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Disposable Futures: The Seduction of Violence in the Age of Spectacle

by Brad Evans; Henry A. Giroux

Disposable Futures is a political and philosophical manifesto of sorts, but it is not always easy to follow. This is mainly because it is primarily constructed as an academic work, with roots in French critical theory (particularly Guy Debord’s book Society of the Spectacle). Authors Brad Evans and Henry A. Giroux, who holds the Global TV Network Chair Professorship at McMaster University in Hamilton, Ontario, clearly want to reach a broad audience – they respond directly to popular culture and often write in an impassioned, rhetorical voice. But the general reader will find their analysis a tough slog.

Disposable Futures: The Seduction  of Violence in the Age of Spectacle Brad Evans Henry A. GirouxBy “spectacle,” the authors mean the products of mainstream media. All of this content – from news programs to reality TV to zombie films – has a political role. That role, the authors argue, is to propagandize for neo-liberal ideology (“neo-liberal” being an overused word here, standing for the most brutal and exploitative aspects of free-market capitalism).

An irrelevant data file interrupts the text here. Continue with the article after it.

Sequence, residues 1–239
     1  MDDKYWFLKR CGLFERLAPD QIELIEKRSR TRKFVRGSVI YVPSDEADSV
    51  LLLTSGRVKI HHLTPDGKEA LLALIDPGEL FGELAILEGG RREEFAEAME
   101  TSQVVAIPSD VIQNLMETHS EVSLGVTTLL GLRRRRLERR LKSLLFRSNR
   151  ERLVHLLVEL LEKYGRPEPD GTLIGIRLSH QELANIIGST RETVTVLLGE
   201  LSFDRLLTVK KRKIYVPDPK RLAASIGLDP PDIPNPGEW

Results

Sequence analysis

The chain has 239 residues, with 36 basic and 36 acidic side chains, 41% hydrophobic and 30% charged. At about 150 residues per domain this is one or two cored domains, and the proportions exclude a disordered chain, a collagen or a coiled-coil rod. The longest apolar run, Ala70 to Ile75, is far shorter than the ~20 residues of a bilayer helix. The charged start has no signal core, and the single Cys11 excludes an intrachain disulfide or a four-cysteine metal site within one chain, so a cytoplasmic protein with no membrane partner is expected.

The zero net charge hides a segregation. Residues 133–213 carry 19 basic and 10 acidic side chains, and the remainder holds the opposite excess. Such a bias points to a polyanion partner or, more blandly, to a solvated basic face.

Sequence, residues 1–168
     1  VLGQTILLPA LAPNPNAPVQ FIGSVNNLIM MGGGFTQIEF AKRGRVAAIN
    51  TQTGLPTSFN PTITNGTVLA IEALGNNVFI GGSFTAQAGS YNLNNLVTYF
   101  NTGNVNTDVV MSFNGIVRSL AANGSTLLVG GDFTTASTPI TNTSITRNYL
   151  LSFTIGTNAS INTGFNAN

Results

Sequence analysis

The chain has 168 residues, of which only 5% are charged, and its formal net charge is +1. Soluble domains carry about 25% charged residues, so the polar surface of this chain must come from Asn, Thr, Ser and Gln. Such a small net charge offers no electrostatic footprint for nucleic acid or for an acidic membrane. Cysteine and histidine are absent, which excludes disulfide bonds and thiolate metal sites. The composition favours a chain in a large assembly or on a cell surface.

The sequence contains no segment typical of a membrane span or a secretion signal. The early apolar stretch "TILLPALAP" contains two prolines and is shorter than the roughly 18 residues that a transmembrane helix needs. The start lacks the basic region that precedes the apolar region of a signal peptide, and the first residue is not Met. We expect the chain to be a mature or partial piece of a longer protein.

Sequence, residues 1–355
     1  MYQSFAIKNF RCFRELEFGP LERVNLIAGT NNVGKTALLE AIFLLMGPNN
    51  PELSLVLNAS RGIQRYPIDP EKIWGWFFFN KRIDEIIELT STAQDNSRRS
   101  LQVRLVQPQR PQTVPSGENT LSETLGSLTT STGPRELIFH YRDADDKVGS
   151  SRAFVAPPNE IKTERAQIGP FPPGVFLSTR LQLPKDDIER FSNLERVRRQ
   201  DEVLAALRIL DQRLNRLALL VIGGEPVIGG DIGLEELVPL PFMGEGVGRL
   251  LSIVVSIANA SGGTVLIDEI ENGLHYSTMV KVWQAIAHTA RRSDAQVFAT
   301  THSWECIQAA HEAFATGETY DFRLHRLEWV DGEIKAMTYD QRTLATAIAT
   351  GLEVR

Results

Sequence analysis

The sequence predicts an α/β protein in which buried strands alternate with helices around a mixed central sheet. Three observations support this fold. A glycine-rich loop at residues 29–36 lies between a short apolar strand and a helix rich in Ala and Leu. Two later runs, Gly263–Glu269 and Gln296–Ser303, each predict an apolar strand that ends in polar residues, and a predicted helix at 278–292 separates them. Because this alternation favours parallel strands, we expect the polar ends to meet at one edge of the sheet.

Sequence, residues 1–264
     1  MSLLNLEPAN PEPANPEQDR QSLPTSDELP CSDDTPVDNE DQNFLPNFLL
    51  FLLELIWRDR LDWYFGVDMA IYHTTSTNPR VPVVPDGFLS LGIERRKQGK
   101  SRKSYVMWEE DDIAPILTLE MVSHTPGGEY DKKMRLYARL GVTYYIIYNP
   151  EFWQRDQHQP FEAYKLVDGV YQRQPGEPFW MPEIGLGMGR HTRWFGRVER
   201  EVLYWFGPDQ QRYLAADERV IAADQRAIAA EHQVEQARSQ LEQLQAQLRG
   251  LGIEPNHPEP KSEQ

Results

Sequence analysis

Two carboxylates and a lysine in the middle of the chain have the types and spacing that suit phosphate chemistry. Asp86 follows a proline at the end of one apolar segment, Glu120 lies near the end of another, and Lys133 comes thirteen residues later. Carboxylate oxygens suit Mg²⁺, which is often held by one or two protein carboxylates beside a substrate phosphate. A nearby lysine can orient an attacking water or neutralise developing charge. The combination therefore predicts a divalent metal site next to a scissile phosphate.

There are, Evans and Giroux contend, three essential aspects to the neo-liberal message. In the first place, a certain segment (perhaps even a large proportion) of the population is now considered disposable: excess lives of no value except as fodder for violent entertainment. Second, the neo-liberal triumph marks the inevitable end of history. Finally, and a bit surprisingly, this inevitable end represents not Utopia but catastrophe. Neo-liberal ideology has appropriated disaster and made the logic of capitalism not progress, but regression to a savage state of nature. Optimism, in this conception, is an Orwellian thought crime. The future has also been made disposable.

These points are all well worth considering, and are helpfully related to various trends in pop culture centered on the normalization of violence. The connection between disposable people and zombies is especially apt, while the chapter on internet surveillance is the only part of the book where the authors seem to go wandering.

What’s unfortunate is that these ideas are not presented in a more accessible voice. If you’re not accustomed to the use of “imaginary” as a noun, you’re not going to be up to speed, and the mostly unnecessary borrowings from other theorists and academics will likely lead only to confusion. Such specialized language is unsuited for a book of this sort, which has something important to say to all of us.